LONDON – The editor of The Guardian, Alan Rusbridger, has written a book about how he decided to practice the piano 20 minutes a day. Eighteen months later, he played Chopin’s fearsomely difficult Ballade No. 1 in G Minor to an admiring audience of friends. Could anyone have done this? Or did it require special talent?
The nature-versus-nurture debate has been around a long time. It is unresolved because the scientific question has always been entangled with politics. Broadly speaking, those stressing inborn capacity have been political conservatives; those emphasizing nurture have been political radicals.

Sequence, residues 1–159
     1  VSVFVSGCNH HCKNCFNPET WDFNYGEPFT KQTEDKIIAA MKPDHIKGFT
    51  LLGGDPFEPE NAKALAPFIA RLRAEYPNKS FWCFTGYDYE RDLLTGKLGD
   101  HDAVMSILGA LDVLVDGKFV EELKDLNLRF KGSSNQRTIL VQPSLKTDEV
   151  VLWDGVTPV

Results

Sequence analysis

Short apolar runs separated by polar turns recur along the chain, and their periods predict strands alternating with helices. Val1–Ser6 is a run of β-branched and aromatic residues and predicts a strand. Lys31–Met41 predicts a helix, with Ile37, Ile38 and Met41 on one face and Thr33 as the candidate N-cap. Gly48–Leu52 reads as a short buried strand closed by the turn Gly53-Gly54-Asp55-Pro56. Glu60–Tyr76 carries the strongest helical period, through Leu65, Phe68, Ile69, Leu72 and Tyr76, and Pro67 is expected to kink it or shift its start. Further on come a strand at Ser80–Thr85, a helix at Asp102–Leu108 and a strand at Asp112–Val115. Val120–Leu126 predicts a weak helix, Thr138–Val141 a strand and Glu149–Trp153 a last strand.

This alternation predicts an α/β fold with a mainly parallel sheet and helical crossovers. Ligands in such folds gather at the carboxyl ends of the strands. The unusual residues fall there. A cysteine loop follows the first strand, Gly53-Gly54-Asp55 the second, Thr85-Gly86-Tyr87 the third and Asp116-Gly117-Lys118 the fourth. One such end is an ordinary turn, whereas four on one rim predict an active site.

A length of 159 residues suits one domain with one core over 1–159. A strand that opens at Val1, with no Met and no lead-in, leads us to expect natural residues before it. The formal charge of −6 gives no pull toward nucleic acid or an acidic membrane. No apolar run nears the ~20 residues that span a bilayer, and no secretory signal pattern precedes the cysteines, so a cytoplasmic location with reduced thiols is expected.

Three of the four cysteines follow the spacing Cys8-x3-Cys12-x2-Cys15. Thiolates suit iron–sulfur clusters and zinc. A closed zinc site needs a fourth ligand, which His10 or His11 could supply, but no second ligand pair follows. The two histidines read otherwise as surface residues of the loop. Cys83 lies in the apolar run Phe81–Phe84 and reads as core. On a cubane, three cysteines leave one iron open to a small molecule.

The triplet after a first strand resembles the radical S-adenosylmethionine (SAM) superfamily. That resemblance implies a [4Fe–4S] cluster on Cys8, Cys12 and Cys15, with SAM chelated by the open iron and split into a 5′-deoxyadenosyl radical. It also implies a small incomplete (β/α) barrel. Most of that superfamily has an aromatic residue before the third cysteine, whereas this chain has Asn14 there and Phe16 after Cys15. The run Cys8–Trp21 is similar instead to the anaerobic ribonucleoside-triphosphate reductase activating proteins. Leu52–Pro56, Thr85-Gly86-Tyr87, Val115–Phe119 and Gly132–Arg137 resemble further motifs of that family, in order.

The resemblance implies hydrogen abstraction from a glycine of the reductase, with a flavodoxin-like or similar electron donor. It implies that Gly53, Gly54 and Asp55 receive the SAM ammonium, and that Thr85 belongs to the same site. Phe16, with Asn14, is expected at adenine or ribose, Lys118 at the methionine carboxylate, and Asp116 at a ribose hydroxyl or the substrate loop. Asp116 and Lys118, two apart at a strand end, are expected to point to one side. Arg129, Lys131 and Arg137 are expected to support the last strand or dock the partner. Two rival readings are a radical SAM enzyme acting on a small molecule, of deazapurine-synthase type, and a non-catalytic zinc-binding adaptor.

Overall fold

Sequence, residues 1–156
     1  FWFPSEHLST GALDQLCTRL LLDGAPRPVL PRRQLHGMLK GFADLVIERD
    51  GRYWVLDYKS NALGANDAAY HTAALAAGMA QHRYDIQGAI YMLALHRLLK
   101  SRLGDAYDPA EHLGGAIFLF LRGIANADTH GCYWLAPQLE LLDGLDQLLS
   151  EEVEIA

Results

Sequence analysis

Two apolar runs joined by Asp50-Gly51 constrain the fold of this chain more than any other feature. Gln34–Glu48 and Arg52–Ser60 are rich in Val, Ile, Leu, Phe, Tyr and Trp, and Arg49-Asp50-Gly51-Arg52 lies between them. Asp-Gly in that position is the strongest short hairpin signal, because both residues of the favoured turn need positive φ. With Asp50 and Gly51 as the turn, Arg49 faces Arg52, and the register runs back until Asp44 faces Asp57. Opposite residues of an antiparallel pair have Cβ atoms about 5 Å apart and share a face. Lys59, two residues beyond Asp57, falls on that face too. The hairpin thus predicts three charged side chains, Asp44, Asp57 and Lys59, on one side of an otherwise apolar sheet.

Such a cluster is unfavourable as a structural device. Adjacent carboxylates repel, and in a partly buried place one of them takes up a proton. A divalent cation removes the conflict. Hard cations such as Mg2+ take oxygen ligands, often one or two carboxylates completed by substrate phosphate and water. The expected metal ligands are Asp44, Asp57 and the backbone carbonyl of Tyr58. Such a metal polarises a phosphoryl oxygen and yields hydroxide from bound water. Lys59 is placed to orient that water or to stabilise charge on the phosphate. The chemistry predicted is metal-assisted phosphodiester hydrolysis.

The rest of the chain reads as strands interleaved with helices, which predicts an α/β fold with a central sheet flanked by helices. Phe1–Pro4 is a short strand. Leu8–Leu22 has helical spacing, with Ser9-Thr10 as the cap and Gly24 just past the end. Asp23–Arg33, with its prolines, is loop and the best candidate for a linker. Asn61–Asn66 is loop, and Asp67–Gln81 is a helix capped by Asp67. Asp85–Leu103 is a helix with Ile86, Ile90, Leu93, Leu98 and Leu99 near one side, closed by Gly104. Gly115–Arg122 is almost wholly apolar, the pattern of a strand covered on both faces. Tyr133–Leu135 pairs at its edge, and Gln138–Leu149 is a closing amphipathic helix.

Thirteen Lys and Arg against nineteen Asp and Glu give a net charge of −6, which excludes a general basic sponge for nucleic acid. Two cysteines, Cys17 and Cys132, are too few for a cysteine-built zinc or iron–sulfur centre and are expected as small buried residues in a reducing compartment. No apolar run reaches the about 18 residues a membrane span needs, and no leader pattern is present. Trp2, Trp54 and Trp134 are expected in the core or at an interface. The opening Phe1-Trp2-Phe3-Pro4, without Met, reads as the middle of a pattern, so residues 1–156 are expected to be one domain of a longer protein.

The nineteenth-century philosopher John Stuart Mill was of the “anyone can do it” school. He was convinced that his achievements were in no way due to superior heredity: anyone of “normal intelligence and health,” subjected to his father’s educational system – which included learning Greek at the age of three – could have become John Stuart Mill.
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